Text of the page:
‘Oprah’ Departure Shouldn’t Be Financial Hit For CBS, Stations

CBS expected to lose less than $50 million in distribution fees when show signs off in 2011

When The Oprah Winfrey Show goes off TV stations’ air on Sept. 9, 2011, the entity that stands to lose the most money is: Oprah.

Winfrey and her Harpo Productions take home by far the most profit from Oprah. CBS Television Distribution (CTD), which distributes the show, earns well south of $50 million annually in distribution fees on the show, estimates New York-based investment firm J.P. Morgan in a research note released this morning. Winfrey herself is worth an estimated $2.7 billion, according to Forbes.

Overall, Oprah is estimated to earn $4 million per week in cash license fees and another $2 million per week in national advertising sales, bringing the show's annual total revenue to more than $300 million, plus what it earns
internationally. CTD sells the show's national advertising, but probably keeps only about 10% of that revenue. 

“We think Oprah’s significance is likely overblown for CBS,” the note reads. “With the distribution loss, our back-of-the envelope calculation implies [an approximate] $0.03 EPS hit in 2012. That’s essentially a rounding error, in our view.
“We estimate that Oprah contributes roughly $25-$40 million of EBITDA annually. That represents about 1-2% of our EBITDA estimate for 2011E. So while the loss of a longstanding distribution deal is disappointing for CBS, it’s hardly a material hit to numbers, in our view.”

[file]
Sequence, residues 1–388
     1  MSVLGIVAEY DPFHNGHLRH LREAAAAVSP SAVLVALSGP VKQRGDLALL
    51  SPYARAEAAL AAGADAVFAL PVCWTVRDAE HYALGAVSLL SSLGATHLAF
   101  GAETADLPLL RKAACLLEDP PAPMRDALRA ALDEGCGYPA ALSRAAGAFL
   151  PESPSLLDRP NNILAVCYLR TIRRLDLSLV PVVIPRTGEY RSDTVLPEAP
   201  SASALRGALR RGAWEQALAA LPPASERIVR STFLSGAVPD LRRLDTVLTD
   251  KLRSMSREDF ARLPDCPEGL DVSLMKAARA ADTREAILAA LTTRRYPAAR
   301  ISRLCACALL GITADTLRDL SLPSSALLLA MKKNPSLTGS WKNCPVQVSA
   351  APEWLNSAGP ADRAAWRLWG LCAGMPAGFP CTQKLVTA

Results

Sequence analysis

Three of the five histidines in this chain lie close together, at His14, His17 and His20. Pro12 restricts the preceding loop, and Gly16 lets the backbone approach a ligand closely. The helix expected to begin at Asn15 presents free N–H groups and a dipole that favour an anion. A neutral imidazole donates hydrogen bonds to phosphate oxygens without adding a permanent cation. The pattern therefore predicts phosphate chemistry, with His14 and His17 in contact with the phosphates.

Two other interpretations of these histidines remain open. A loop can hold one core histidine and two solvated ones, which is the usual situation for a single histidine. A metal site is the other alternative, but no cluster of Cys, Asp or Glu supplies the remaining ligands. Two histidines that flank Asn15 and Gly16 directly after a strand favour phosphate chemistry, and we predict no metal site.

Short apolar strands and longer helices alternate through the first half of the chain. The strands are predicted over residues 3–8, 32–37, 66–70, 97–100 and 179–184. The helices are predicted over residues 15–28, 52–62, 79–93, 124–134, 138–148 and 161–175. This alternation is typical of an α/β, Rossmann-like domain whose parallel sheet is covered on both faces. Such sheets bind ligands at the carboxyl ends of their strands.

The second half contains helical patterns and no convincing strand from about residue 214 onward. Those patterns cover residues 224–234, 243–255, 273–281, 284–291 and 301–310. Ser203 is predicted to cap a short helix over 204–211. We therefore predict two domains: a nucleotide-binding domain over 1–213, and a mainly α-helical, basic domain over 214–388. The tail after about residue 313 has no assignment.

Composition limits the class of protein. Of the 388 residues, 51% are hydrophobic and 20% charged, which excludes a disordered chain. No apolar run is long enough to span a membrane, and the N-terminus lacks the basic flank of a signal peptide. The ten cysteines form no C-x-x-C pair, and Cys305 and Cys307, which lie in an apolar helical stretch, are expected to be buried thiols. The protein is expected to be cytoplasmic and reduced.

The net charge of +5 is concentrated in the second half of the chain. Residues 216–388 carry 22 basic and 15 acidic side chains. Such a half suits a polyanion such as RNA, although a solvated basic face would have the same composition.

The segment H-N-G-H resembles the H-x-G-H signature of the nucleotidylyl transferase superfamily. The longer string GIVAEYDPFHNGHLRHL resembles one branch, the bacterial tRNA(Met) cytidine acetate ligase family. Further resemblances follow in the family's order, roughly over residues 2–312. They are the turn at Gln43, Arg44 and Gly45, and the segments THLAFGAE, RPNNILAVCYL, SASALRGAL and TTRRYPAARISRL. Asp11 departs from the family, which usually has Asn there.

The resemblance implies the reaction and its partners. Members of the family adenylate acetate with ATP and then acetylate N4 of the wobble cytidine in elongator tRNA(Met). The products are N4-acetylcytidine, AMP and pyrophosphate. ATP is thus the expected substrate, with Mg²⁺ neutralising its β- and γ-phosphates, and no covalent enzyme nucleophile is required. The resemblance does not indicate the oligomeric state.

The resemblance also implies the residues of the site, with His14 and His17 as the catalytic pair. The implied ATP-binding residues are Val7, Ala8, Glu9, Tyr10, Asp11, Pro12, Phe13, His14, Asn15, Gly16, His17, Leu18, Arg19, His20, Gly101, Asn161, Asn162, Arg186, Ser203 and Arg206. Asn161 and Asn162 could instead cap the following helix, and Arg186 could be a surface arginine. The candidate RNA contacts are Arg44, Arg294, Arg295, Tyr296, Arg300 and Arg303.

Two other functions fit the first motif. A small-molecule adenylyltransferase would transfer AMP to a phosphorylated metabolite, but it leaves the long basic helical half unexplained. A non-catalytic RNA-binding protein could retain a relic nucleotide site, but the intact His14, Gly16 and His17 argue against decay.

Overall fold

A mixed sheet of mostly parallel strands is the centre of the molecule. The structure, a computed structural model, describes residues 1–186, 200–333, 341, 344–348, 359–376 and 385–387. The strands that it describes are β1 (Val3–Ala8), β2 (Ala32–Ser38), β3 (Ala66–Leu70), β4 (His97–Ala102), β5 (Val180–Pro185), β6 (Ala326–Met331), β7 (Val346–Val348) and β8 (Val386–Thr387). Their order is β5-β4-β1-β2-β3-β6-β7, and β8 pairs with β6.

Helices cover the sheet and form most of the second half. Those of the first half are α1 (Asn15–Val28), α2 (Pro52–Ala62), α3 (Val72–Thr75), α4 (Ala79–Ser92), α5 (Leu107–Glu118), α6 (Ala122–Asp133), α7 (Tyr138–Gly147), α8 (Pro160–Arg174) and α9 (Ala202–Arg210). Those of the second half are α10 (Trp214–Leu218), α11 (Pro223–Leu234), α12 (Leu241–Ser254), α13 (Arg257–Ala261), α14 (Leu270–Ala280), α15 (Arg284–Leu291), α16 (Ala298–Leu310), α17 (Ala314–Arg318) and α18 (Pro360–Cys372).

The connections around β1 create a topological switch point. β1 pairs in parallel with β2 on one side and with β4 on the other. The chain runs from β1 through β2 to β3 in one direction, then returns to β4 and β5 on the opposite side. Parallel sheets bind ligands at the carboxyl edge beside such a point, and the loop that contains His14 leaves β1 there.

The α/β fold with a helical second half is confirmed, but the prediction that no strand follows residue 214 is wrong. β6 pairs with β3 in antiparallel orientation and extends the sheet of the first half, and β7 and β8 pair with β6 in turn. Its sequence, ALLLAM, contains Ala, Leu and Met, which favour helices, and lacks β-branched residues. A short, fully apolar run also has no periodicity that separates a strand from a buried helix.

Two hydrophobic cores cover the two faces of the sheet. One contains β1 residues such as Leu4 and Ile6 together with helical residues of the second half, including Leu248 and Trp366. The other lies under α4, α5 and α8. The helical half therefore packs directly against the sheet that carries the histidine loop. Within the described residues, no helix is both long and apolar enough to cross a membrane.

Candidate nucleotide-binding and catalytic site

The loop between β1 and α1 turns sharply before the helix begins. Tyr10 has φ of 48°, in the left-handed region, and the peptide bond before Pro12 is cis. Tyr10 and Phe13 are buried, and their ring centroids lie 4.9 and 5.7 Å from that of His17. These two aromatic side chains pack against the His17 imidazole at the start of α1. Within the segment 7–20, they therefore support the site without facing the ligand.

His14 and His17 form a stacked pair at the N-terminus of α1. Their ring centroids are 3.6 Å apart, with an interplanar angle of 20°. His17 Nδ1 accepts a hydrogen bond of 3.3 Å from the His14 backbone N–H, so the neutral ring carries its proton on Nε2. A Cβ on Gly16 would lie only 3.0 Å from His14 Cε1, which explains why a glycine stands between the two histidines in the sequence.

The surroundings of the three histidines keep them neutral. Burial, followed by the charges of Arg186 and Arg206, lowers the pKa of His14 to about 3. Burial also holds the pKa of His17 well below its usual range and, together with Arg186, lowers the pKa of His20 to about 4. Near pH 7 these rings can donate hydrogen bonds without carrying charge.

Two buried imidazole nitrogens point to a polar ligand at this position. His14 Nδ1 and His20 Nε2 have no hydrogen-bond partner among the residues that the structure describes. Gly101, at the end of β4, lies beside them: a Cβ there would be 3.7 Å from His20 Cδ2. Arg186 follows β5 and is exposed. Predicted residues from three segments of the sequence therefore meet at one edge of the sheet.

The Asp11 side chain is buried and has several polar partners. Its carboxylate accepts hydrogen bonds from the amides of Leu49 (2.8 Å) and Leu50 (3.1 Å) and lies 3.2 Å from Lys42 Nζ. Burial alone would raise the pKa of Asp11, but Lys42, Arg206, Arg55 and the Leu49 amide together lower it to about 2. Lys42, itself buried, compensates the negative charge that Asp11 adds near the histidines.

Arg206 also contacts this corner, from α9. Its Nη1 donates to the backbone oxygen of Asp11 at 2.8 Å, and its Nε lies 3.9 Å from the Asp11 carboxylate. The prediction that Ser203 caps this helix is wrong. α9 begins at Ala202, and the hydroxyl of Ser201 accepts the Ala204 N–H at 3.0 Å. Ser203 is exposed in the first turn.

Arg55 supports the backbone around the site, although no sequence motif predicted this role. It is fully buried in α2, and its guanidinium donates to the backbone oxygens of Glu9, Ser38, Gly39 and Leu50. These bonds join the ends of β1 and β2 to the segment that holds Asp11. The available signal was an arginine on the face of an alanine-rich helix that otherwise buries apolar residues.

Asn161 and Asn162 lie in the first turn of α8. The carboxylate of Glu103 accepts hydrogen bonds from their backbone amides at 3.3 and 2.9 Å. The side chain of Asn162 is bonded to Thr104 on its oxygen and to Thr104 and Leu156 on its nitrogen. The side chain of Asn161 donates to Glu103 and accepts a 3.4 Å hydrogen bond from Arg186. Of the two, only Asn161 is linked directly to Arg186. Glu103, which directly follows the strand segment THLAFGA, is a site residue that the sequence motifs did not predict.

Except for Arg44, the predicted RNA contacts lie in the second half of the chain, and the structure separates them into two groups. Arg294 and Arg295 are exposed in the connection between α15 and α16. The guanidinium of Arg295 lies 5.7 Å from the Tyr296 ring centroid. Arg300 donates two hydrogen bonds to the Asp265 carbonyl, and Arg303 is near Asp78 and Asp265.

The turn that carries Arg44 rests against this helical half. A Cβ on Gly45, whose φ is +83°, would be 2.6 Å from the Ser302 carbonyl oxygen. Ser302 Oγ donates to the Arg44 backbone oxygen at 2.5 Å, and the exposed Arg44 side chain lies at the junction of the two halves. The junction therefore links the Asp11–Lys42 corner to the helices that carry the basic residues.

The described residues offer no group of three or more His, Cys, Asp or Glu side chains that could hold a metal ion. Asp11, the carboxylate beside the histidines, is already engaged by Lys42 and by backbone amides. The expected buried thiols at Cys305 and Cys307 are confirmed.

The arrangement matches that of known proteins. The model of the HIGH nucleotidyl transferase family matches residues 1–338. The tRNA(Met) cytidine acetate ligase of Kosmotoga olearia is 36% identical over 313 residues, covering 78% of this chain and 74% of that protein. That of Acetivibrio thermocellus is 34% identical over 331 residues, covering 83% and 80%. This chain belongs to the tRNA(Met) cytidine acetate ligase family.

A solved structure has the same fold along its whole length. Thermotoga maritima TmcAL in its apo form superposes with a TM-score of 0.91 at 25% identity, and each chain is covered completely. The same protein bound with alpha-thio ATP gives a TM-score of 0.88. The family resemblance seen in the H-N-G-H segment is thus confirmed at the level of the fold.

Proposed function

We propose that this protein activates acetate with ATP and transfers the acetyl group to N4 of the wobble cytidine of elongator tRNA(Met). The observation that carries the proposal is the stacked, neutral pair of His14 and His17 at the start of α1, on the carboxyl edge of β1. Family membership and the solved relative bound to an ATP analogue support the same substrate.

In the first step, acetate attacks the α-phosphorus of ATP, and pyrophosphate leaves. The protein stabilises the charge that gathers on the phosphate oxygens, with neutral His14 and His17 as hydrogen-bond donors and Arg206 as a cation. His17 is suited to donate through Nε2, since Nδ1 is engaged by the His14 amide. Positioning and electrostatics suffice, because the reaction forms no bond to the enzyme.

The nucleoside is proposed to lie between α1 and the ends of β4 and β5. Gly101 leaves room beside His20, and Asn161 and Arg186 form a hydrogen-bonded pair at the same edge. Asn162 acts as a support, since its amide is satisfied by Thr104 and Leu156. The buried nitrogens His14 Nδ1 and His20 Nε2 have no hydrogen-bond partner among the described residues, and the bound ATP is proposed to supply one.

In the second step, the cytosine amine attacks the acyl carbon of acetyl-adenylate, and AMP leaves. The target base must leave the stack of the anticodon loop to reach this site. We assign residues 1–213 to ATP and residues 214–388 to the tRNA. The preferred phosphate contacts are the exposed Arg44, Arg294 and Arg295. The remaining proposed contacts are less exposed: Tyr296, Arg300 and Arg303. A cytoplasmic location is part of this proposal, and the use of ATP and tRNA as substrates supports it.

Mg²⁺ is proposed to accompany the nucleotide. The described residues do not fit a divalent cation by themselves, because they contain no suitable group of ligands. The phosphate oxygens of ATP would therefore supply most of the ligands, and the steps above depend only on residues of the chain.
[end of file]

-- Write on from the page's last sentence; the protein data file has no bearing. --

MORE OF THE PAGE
That’s certainly not chump change, but it’s far less than CTD earns on other shows that it produces, such as Judge Judy and Entertainment Tonight. Oprah may have once contributed more to CTD’s bottom line, but the distributor accepted lighter distribution fees when it signed its last contract with Harpo in 2004, reports the firm.

“We believe that the most recent contract … was less favorable to CBS historically, with fees stepping down on an annual basis,” the note reads.

Still, perception has some influence on investors. At press time, CBS shares had fallen 4.13% to $12.76 per share. CTD also sells national advertising in the show and its end means an end to that revenue.

For TV stations, the advantage of running Oprah was two-fold: it provided a huge and quality lead-in to the evening news and it differentiated the station in the market. That said, Oprah’s high price tag usually means a station was breaking even at best on the show.

“In our view, Oprah is likely a mixed bag for TV broadcasters,” reports J.P. Morgan. “ABC-skewing broadcast TV operators have the most exposure – Disney, Hearst, Belo, Scripps, Grey, etc. The blow would be much worse if Oprah shifted to a competitive station in a local market, in our opinion. But with the show off broadcast TV entirely (and no land grab for the rights), it is conceivable that station audience/ad share won’t change much for the day part. Our hunch is the bigger hit might optical – as Oprah’s departure will likely be trumpeted in the press as another example of broadcast TV’s declining fortunes.”

Station groups that have the most exposure include privately-held Hearst with Oprah in 18 markets, and Grey with in 16 markets. In the biggest markets, the ABC, Belo, CBS and Scripps stations have the most exposure Oprah. ABC has the show in the country’s largest DMAs, with the show airing on WABC New York, KABC Los Angeles, WLS Chicago, WPVI Philadelphia, and KGO San Francisco.